TORONTO — As long as Nazem Kadri is up with the Maple Leafs, he can expect more than adequate protection from Ron Wilson’s not-so-secret service.
Kadri, the club’s No. 1 draft pick and perhaps a first-line centre in coming years, had Colton Orr and Wayne Primeau on his flanks Wednesday against the Boston Bruins.
He’ll likely get the same kind of bodyguards Thursday in London when he plays in front of more of his clan and his extended junior Knights family with the restive Philadelphia Flyers in town.
“As a young guy coming into this league, it is a little nerve-wracking for me,” Kadri said before last night. “But with Orr and Primeau, I’m sure I have nothing to worry about.
“It’s better for me to be with two guys who’ve played in the league before, who know what to expect, who know how to handle things, to build some early chemistry.”
Kadri is not made of glass at 5-foot-11 and 170 pounds, but his coaches have tended to take the cautious approach with picking his linemates.
“In Kitchener (two seasons ago), I had Mike Duco, who was pretty feared in the league and last year I had guys like Zac Rinaldo, Leigh Salters, Mike Yovanic,” Kadri said. “It opens up the ice for you and they’re willing to sacrifice their bodies for you and the team.”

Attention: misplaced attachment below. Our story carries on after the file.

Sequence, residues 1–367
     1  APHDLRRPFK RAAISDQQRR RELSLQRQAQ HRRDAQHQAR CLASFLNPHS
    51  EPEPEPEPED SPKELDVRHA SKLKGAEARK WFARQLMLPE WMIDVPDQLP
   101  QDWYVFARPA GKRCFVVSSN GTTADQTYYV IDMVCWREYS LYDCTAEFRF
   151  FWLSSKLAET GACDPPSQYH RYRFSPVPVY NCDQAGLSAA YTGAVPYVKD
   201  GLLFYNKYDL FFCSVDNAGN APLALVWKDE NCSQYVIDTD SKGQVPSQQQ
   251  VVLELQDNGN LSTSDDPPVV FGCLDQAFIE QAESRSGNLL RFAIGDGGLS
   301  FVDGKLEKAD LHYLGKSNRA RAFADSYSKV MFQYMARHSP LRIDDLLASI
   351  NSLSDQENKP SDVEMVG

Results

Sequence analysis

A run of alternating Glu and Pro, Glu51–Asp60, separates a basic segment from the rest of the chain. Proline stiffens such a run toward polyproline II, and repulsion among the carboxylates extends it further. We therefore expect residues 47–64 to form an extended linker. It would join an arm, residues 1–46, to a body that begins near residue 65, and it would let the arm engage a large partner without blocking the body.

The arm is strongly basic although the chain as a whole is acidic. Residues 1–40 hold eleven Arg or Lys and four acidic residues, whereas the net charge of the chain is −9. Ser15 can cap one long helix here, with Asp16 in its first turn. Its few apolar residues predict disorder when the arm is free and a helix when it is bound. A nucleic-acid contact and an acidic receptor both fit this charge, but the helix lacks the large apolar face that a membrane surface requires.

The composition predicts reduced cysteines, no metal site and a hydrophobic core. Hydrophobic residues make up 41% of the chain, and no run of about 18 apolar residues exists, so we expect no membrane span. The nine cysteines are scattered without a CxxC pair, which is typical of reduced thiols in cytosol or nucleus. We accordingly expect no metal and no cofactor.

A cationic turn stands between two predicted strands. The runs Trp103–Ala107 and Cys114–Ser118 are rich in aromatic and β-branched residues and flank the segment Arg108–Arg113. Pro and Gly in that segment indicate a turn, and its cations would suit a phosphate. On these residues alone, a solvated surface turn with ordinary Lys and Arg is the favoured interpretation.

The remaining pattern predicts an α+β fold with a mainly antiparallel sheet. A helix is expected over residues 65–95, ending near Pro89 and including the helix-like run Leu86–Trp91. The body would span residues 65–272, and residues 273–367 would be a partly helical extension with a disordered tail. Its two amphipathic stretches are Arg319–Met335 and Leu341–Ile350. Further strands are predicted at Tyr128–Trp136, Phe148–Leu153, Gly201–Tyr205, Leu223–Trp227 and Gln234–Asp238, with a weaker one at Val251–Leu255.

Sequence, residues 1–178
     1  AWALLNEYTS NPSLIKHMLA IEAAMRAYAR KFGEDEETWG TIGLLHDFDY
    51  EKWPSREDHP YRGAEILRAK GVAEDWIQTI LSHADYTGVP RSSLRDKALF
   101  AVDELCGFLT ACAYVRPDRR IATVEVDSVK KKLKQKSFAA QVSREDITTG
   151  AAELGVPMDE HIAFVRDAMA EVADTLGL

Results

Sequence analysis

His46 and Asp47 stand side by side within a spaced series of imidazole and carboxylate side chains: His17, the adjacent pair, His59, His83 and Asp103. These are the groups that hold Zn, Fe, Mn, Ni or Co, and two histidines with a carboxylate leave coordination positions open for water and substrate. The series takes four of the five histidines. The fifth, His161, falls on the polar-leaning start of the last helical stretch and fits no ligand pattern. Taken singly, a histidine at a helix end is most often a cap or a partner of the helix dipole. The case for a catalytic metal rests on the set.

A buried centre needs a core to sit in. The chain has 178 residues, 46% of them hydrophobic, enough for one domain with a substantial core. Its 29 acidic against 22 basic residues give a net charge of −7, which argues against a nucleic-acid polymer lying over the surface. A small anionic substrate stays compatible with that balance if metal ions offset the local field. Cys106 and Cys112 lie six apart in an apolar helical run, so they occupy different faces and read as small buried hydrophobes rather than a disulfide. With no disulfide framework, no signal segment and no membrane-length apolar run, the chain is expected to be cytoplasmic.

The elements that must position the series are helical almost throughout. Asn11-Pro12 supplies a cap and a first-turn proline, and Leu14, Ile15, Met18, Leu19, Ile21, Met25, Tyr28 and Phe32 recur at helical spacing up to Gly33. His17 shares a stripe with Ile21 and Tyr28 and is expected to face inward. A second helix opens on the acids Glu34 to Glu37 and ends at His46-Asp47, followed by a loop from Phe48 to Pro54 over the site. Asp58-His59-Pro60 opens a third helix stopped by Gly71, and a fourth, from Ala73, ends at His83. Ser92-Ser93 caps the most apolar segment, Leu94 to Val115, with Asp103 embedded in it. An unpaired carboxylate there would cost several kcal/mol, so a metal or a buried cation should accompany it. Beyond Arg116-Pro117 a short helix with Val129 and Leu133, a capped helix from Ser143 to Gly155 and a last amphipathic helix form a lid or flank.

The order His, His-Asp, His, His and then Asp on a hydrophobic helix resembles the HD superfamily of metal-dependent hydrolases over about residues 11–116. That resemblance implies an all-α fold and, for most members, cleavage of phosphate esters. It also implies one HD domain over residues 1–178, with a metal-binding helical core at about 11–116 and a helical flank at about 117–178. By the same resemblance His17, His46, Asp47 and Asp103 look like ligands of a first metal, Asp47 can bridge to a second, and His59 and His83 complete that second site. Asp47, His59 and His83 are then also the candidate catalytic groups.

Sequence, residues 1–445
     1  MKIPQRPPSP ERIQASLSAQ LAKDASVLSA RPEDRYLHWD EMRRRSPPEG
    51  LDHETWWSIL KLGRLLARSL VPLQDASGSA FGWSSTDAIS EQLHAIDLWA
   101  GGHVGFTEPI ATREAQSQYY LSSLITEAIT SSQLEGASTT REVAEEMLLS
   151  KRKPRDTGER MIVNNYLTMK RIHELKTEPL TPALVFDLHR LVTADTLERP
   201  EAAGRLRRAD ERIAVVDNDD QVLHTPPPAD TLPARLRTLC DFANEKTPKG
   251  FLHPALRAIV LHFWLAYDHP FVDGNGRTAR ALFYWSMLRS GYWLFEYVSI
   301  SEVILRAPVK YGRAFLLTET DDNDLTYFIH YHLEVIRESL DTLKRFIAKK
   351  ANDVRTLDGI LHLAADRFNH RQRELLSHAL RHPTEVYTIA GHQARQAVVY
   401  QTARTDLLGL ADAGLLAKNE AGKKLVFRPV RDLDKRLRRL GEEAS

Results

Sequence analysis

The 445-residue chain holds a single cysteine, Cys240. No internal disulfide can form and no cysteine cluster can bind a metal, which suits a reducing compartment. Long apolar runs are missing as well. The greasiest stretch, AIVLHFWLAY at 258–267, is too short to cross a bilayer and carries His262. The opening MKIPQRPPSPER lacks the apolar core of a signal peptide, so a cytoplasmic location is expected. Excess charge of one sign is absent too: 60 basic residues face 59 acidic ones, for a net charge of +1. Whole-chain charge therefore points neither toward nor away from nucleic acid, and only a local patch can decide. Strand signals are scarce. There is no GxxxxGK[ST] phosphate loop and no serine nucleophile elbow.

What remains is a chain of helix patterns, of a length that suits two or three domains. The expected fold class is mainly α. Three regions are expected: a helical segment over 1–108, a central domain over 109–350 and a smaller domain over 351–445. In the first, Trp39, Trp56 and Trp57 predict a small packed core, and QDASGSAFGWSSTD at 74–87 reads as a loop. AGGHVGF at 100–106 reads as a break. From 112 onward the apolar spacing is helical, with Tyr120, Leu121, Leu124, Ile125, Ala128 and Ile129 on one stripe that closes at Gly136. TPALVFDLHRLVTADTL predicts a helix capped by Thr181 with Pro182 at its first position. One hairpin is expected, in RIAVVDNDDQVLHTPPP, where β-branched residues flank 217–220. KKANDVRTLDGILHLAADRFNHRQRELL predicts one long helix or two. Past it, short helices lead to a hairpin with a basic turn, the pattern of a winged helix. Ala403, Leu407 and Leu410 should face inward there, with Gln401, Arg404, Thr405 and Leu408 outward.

Unlike defenceman Luke Schenn, who was considered NHL-ready almost before getting to his first camp last year, the Leafs were making no such fuss about Kadri. They wanted to get him in some early exhibitions before a planned return to the OHL Knights.
That was until he excelled at the rookie tournament and then in the first few days of the main camp, prompting Wilson to start talking about him as a possible opening night starter, albeit “a long shot.”
“One step at a time,” Kadri said. “This will be a big one against Boston. If I want to compete with these (other NHL teams), I’m going to have to prove I can play here.”
Veteran defencemen Garnet Exelby and Jeff Finger were hoping to impress Wilson for a different reason than Kadri last night, trying to get the inside track on the fifth, sixth or seventh job on the blueline with five or six candidates in all.
“I try not to think about that, just go out and do the things that brought me to where I am, play physical,” Exelby said. “It will be nice to beat up on some players you won’t probably be playing against this year (the Leafs were discouraged from fighting or roughing up each other in camp).”
But Exelby said he wouldn’t hesitate to help any rookies calm themselves as they made their NHL debuts this week.
“If I see someone shaking, I’ll go over and sit beside them and tell them to take a couple of deep breaths. This is the same game we’ve all been playing since we were young; maybe a little faster and the guys are bigger.
“For the most part, they’ll find it’s easier. Guys are more responsible and in position. Take that extra second for composure and you’ll find you can make that easy play.”